| If people are buying slot machines to satisfy an addiction, they are often buying pinball machines and old video games for a sentimental link to their youths.
While some people buy enough games to fill an entire game room, others buy just one that has special meaning to them, Kline said.
| Bucs lineman Paul Gruber says games entertain his
kids and guests.
Some of the first video games, like Pac-Man, Asteroid and Centipede, are good examples of games that have become recently popular for homeowners be- cause they bring back good memories of the '70s to ba- by boomers who were playing them in college and high school.
"People in their 40s are the ones who buy the old classic video games," Kline said. "Now that they have the money, they want to remember that" time in their lives.
Other customers tend to be younger men in search of pinball machines to help beat stress. "You spend eight hours at the office getting beat up on the phone, and you go home and you start beating up on the pinball machine," Gorsky said.
About 80 percent of Kline's pinball and arcade game customers are men. But most slot machine buyers are women.
Off the streets, in the rec room
Many game buyers are also parents.
In addition to getting to wallow in a little nostalgia of their own, many think of the machines as a good way to keep their teenagers off the streets and out of expensive arcades.
"The baby boomers' kids are teenagers now," said Kay Green, owner of Kay Green Design in Winter Park. Green has a set of 15-year-old twins. "And I don't want them down the street."
Green installs the machines in model homes she decorates across the South. She thinks it helps boost sales because it taps into the desire of Americans to cocoon.
"People are spending more time at home," said Green. "They are trying to bring into their home all the functions of the outside world."
Longtime Tampa Bay Buccaneer Paul Gruber doesn't get out as much anymore. For starters, it's tough to find a good babysitter.
So Gruber finds having a home game room is a good alternative. It entertains him, his two small children and guests.
Gruber had seen pinball machines and other arcade games in the homes of friends and decided he wanted some, too.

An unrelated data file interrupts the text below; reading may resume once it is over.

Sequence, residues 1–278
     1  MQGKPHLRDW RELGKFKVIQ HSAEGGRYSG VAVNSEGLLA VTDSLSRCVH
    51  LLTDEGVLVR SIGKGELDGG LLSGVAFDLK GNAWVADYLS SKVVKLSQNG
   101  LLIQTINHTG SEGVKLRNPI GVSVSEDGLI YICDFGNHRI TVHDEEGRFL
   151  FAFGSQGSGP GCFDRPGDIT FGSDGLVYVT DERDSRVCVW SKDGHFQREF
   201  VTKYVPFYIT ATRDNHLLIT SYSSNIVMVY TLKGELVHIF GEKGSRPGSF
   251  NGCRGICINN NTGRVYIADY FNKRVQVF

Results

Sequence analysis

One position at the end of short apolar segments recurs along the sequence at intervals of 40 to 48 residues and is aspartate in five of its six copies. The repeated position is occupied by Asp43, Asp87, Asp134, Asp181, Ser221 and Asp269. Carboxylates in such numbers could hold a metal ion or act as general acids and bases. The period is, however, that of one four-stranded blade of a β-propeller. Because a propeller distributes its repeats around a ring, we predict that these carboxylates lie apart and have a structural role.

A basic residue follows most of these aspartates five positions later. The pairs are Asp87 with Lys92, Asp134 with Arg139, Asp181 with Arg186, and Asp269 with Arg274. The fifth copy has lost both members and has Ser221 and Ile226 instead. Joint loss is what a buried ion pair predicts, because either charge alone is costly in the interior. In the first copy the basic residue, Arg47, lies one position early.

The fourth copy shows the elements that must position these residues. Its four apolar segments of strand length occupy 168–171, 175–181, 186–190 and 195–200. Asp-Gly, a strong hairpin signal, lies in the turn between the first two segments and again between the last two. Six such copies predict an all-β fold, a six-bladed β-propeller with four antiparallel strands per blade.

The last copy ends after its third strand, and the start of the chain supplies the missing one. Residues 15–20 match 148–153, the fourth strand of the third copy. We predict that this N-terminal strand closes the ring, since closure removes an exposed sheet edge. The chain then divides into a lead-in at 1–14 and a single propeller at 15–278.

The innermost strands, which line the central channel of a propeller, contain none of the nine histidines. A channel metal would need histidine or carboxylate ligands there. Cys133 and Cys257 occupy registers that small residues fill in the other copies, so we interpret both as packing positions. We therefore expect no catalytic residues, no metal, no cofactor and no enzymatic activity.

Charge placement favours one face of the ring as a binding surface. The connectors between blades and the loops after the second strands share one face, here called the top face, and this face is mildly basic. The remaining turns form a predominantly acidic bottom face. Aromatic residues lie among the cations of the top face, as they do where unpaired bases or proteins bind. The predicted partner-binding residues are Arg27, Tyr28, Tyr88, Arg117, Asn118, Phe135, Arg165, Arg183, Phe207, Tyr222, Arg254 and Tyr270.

It took him some telephone calls, but he eventually found Kline's business. He bought a hard-to-get Corvette pinball machine, a video poker machine and a golf game.
Entertainment wasn't the only thing on his mind. "When I did it I wanted stuff that would hold its value." Gruber said. "Most of that stuff depreciates."
The games can be good investments, if you buy the right ones. Slot machines from the '30s are hot items now, said Gorsky of Games International. So are the first video games from the '70s.
Times Photo - Jim Stem
Andy Kline at Game Gallery Amusements and Rentals in Tampa finds baby boomers to be enthusiastic customers. "People in their 40s are the ones who buy the old classic video games," Kline said.
| Pinball machines that feature movie and television themes, such as Star Trek and the Addams Family, are popular. Kline has a hard time finding enough Corvette and Harley-Davidson pinball machines to meet demand among those who favor those cars and motorcycles.
Investing in collectibles can be risky business. What collectors want today might not be appealing in a few years. For instance, the old video games that were as passe as polyester a few years ago have nearly doubled in value, thanks to a wave of '70s nostalgia.
| Some popular games and their prices
- Corvette pinball machines - $3,600
- Harley-Davidson - $5,000
- Addams Family - $2,500
- Pac-Man - $600
- Asteroid - $600
- Air hockey - $$995
- Reproduction Bubbler Rockola jukebox - $6,000
No Cheap Hobby
While people decide to buy arcade-style games for a multitude of reasons, they all have one thing in common - disposable income.
Gorsky sells slot machines from $500 for a plain, newer model to $2,000 for some of the fancy and rarer antiques.
The average pinball machine goes for about $1,200, Kline said. And some of the most desi- rable machines, such as the Corvette or Harley- Davidson pinball machines, can fetch prices as high as $5,000, if he can find one.
"But I can find just about anything,"he said. "It might take a week, but I will get it."
| Demand for slot machines has created some shortages. Gorsky gets his used slot machines from Nevada casinos. He only shops there, rather than Atlantic City, because the low desert humidity is less likely to have gummed up the guts of a machine. Because of the boom in home sales, he's having trouble finding older slot machines. In- stead of buying them right off casino floors, now he has to go to casino warehouses to find them.
Demand among some customers grows as they seek new toys to complete home arcades.
Larry Santangelo of New Port Richey goes straight to Kline when he craves a new game for the '50s-style diner he and his wife have built on the lower floor of their stilt home.
The owner of several landscaping businesses has two large video games, a pinball machine and a variety of other games in his home.
Santangelo is expanding his space and has a few more items in mind, including a video game the 35-year-old played in junior high. "It's an airplane that flies through all these mazes and shoots at military stations. At the end you shoot a monster," he said.
Diane Vaughn figures she and her husband, Larry, will add more games in their three-story home in Tarpon Springs. They already have two slot machines and a poker table on their third floor. Down by the pool table, dart machine and a pinball machine. "We are pretty game-intense," she said. We are not through collecting, by no means."
Whatever they get next will have to be small "because we are running out of room," she said.
The couple is a bit competitive with each other. Pinball is Diane's game. "I was really good at pinball when I was in college...And I still beat my husband more than he beats me."